These are technical terms of the Equal Protection Clause, and I think the key thing for people to know is that when universities -- and let's be clear -- I mean all the universities and colleges all across the country for several decades have been trying to achieve racially and ethnically diverse student bodies, as well as geographically, internationally, just all kinds of diversity, because it's believed that that is the best educational environment.

So, as they do this, the Supreme Court has said, we believe this is consistent with the 14th Amendment. But it's also important for you to provide evidence that you have considered alternatives or that other alternatives don't work and also that the particular admissions process that you have is actually linked to the educational benefit you want.

So there is a sense that universities will have to provide more evidence, perhaps more evidence, to support the programs. That shouldn't be a problem. The underlying principle is secure and sound. That's the most important thing. And universities are capable of providing that evidence.

GWEN IFILL: Gail Heriot, even though the court didn't rule on this, we saw Justice Thomas had a pretty strong concurrence, actually. He agreed with the outcome, but he disagreed that they didn't go even farther. Do you see this going farther now?

GAIL HERIOT: Yes, I thought Justice Thomas' opinion was by far the most interesting part of the court's actions today.

The thing that Justice Thomas talked about was the research that is now indicating that affirmative action is backfiring, that racial preferences actually do the opposite of what they are intended to do, that we would have more African-American physicians, more African-American scientists, engineers, lawyers, college professors -- there's research in each of these areas -- if only students attended the schools where their academic credentials put them towards the center of the class, that it's really not a good thing to attend a university where your academic credentials put you to the very bottom of the class.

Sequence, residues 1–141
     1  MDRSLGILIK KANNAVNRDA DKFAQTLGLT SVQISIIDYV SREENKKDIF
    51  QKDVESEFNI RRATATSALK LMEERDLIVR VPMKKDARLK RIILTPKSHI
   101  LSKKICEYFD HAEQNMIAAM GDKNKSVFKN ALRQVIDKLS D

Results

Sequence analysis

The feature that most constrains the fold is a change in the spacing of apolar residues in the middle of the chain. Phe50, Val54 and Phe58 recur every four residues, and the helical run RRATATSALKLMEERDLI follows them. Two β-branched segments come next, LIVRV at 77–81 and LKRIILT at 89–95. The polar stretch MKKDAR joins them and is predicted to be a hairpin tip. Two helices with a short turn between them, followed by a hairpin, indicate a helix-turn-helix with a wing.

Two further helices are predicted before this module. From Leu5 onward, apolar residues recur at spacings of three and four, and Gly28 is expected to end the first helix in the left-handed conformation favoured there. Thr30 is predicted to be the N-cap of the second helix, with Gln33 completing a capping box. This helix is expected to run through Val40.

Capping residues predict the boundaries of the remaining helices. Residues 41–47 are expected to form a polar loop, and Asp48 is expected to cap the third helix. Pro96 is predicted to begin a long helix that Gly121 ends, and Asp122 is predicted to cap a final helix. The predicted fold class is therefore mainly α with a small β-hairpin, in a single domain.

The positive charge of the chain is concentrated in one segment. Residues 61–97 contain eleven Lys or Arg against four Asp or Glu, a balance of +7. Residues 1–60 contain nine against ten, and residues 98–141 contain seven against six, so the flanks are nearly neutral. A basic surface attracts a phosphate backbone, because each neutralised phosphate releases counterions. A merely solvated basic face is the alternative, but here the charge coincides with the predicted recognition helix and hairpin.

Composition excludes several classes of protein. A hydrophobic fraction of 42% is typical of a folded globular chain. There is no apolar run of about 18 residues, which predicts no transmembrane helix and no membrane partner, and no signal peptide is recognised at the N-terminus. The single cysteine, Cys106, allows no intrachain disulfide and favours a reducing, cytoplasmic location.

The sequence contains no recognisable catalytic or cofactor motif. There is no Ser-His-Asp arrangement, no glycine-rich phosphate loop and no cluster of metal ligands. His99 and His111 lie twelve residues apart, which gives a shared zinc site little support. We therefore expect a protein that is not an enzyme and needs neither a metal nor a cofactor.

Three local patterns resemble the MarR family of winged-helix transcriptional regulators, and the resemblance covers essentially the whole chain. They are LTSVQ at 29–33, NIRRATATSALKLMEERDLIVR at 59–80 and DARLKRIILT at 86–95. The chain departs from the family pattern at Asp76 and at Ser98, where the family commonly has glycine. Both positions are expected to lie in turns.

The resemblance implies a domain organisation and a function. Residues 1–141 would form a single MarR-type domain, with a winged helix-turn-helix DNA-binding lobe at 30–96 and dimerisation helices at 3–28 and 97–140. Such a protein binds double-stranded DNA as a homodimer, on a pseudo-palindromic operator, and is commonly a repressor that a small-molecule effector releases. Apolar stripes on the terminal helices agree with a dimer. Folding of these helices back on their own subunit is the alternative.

Such a person is less likely to major in tough subjects like engineering, mathematics, science, and go on to medical school or to go on to law school.

GWEN IFILL: Let me ask Lee Bollinger to reply to that, because, obviously, Justice Ginsburg, who is the one dissenting justice, had the completely opposite opinion.

LEE BOLLINGER: I mean, this is called the mismatch thesis. And it's, I think, widely -- discredited is perhaps too strong a term.

GAIL HERIOT: Way too strong.

LEE BOLLINGER: The way this works -- the way this works is that admissions offices look at GPAs, standardized test scores. They decide on a pool of candidates whom they know can do the work. They then look for all kinds of things.

They look for geographic diversity for a long time. They look for different experiences in life. We have 500 veterans at Columbia today. We take into account the fact that there have been experiences that these individuals have had that really add to the richness of the educational experience. Race and ethnicity are simply two among many.